Razer Kraken for Xbox One

kraken with plugs
9.2 Overall Score
Design: 8/10
Sound Quality: 9/10
Accessibility: 10/10

A non-powered headset that sounds this good? Plus a clean button bar and non invasive cord? Sold!

The highest volume might not be enough for some, and the lightweight design isn't ideal for travel

Here at the Co-Op office, there are two brands of headset that are in constant rotation: Razer and Turtle Beach…hell, our Razer Megalodon’s from 2009 are still our go-to PC ‘cans, and is a testament to the brand’s build quality.

So when Razer announced earlier this month that the PC fave Kraken headset was coming to Xbox One, we couldn’t wait to get our paws on ‘em.

Finally, after a week of rigorous beatings, we have our review.

Right out of the box, the Kraken is every bit clean and sharp looking as it’s PC counterpart.  Our previous go-to gaming headset, while nice, tends to get a little heavy, especially during lengthy play session. The Kraken’s build, on the other hand is light. Really light. Like, “afraid we’re going to break ‘em” light. A big part of that is because of it’s nearly all-plastic design. I’ll admit, at first we were a little taken aback– especially with its initially snug feel. Plus, it didn’t help that the manual included a “hey stupid, don’t break these” page. Which leads me to believe that people probably snapped them in half during its testing phase.

“Easy does it there, Killer.”

As a result, we initially handled the Kraken headset a bit more gingerly than other…but quickly realized that this was completely unnecessary. Despite their lightweight feel, the headset is pretty damn resilient. After a week of tossing and yanking, packing and pulling, the plastic is just as tight as it was, right out of the box. Now, even though they’re lightweight and effective, there’s one part of the design that makes me cringe, and that’s the flap/gear that locks the microphone boom in the upward position. Instead of just flipping the mic upward, the mic locks in with a loud SNAP, and while bringing the arm down for the first time, I thought I had broke it. No lie. It also doesn’t help that the “SNAP” sound is twice as loud when you’re actually wearing the headset.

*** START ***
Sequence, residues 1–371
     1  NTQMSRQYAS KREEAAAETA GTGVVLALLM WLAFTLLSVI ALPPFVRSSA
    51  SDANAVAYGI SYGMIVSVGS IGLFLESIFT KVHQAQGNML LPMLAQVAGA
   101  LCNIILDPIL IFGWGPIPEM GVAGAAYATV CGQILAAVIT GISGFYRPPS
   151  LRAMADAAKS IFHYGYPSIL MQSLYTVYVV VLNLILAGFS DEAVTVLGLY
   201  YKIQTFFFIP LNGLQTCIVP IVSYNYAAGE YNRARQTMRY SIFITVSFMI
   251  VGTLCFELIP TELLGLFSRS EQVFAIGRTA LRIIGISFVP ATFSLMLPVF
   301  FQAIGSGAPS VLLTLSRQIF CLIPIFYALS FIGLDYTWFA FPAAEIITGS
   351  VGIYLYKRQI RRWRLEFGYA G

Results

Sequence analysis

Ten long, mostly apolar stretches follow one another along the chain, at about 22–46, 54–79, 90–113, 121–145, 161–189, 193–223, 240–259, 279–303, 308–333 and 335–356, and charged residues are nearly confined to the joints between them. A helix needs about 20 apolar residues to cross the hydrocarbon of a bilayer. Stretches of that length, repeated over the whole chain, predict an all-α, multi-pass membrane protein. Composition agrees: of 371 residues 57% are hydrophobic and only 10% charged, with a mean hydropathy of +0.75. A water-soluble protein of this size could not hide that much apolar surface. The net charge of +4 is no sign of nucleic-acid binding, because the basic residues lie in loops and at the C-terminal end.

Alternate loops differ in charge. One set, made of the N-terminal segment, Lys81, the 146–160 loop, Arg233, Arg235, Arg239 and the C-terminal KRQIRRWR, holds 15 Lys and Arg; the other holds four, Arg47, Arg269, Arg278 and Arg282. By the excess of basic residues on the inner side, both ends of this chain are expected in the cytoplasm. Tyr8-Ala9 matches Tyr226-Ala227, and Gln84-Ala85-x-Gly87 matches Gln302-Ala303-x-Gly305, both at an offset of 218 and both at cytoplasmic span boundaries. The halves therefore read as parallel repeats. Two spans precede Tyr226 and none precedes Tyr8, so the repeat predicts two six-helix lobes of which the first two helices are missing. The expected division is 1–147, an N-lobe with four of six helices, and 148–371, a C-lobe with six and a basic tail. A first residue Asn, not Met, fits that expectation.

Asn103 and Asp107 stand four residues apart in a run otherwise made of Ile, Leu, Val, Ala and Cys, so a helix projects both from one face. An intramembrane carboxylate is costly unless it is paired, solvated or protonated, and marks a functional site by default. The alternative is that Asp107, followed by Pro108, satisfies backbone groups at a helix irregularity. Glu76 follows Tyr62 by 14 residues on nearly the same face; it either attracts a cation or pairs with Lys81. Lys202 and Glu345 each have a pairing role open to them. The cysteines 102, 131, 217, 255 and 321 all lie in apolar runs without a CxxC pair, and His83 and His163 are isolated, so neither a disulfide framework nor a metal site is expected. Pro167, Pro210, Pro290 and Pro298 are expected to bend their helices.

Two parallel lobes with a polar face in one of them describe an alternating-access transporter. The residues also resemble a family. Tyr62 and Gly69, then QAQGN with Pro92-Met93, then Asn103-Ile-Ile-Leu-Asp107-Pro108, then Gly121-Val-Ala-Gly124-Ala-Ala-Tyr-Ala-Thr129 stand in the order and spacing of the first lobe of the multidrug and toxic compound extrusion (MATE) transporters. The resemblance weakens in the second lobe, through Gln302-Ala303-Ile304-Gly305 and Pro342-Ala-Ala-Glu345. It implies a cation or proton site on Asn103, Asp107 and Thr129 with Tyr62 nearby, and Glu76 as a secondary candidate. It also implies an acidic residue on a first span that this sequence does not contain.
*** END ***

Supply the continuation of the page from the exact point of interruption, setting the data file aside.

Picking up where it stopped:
The only other extremely minor gripe that I have is that the headset isn’t really travel friendly, and the lightweight design makes me less likely to throw ‘em into my carry-on/messenger bag for casual use. I feel like the headset would snap if undue force was put on top of it…but there’s a great remedy for that: don’t stack things on top of it. 

Now, let’s talk  about the mountain of good stuff that the Kraken offers. For starters, it’s an “unpowered” headset, meaning that you still get crisp highs and bass-heavy lows without having to rely on an amplifier. Because of this, the headset is quite literally “plug-and-play” without having to worry about fiddling with sound and input sources. The snazzy connectivity is thanks in part to a lightweight controller dongle, which plugs into the base of the controller, in the same port you use for the monaural headset that comes with your system. The razer attachment, however, gives you a few extra bells and whistles, in a significantly slimmer package. All of the toggles are setup in a simple rectangular grid, with the volume buttons on the right side,  the game/chat toggle on the left and the microphone mute in the center.